“There were snow-capped and forested slopes of mountains, the rivers in which hundreds of salmon cavorted, trees of astounding height and girth, waterfalls and the pools below were alive with leaping salmon, deep rock canyons that beckoned – the venturesome, skidroads, and the main Tote-road, V shaped flumes whose running waters floated shinglebolts down to Moodyville area.” – John Linn, 1871
I roll to a stop where a shaft of sunshine pierces and otherwise shady forest. The freshly cut stumps on the hillside below steam as if they’re exhaling their last breaths and, far below, miniature machines toil ceaselessly in the black of the coal depot. The expansion of the port has been contentious in the suburb of North Vancouver where residential and industrial lands coexist tenuously. Although I hate to see trees and eagles replaced with more concrete and noise, I also know that without the financial sustenance of industry like this, North Vancouver wouldn’t be what it is today.
The area below me was the rough and raucous mill town of Moodyville in the late 1800′s. The mills capitalized on the tremendous bounty of timber in the ancient coastal forests around the Burrard Inlet. Fir was the wood of choice, with cedar taken mostly for making shingles. The Moodyville mill opened in 1863, originally under the Pioneer name, and it kick-started the slow transformation from wilds to civilization. Many of the routes chosen for flumes, skid roads, and rail lines are still in use today as our main thoroughfares.
I kick my pedals and continue my ride, freewheeling down the 3rd street hill and turning north to follow a dirt trail up the east side of Lynn Creek. It was just about here that the Linn family, one of the first settlers in the area, built their simple homestead in the early 1860′s. The creek has had a few names over the years; Kwalcha, Fred, Linn, and finally Lynn Creek. Back then it teemed with Coho, Chinook, and Steelhead; nowadays it’s Labrador, Retriever, Shepherd etc…
Another 10 minutes of spinning up along the creek brings me into the quiet of the forest where I hear just the colorful bird calls above the low mechanical whir of my drivetrain. The flats above the canyon hold a small maze of trails and I zigzag over familiar terrain, noting small changes, some displaced moss or maybe a rock that’s rolled downhill. Minutia in the grand scheme of things. I roll along the rim, with the subtle roar of whitewater below, until I come to a faint linear clearing in the forest that’s worth a quick nod. It’s a remnant of the old Lillooet Trail.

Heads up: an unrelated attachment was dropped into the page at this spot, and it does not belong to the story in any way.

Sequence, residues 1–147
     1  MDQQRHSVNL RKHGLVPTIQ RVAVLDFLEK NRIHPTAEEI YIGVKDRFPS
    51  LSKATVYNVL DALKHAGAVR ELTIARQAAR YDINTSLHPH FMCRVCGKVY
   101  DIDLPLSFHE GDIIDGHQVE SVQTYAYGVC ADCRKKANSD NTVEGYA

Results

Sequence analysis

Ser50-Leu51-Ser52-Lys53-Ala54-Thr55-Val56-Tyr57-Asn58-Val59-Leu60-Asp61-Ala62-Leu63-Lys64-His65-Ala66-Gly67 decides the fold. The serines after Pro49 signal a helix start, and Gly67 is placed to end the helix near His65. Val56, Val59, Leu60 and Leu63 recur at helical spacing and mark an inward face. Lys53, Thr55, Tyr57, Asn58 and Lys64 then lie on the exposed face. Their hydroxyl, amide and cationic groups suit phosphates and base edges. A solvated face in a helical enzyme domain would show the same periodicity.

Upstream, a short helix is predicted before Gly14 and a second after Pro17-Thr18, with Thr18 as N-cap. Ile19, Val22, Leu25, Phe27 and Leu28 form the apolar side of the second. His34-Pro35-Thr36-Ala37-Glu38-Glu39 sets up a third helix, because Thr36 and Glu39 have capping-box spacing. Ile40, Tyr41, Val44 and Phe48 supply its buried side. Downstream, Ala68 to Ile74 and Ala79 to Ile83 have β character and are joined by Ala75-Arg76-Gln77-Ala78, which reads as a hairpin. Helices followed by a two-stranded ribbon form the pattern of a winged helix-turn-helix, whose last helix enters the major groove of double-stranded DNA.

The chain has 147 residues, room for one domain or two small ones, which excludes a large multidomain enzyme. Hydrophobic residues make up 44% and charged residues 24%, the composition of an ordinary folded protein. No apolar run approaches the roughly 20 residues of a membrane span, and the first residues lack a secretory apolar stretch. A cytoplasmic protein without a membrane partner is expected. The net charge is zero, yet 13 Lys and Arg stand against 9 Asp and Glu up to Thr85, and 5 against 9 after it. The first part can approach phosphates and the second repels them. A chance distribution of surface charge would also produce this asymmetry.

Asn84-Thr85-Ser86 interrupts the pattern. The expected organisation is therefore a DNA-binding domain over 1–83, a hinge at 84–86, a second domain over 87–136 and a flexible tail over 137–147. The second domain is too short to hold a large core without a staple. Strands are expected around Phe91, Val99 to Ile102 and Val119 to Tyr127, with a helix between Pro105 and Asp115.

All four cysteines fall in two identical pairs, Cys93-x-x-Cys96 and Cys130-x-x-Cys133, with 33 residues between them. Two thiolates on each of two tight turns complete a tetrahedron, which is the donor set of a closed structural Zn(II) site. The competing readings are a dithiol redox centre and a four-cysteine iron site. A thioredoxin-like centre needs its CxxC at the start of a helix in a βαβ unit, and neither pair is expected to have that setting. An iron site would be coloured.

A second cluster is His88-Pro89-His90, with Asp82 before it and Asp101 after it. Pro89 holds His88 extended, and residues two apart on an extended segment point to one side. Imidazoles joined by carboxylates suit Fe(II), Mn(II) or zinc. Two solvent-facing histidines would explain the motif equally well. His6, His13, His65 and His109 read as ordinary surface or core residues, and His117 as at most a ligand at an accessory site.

From 1871 to 1877 the Province of British Columbia carved the Lillooet Trail into the land to bring cattle from the grasslands of Lillooet to the growing markets of Vancouver. To the great dismay of all involved, the first cattle drives were disastrous with roughly half the herds perishing en route. As a result the old Lillooet Trail was abandoned by the early 1890′s. A few sections have been incorporated into our modern day trail network but most of it sits forgotten with the moss and trees growing in little by little each year.
Crossing over to the east side of Lillooet Road, I drop into my granny and crank up a short technical section of singletrack that tapers into a nice easy gravel climb to a small peak. From the outlook at the top, I survey out toward Seymour and I recall an old goonies tale about the area. As I take a long slow drink of water and push my saddle down for the descent, the details start coming back to me. It goes something like this: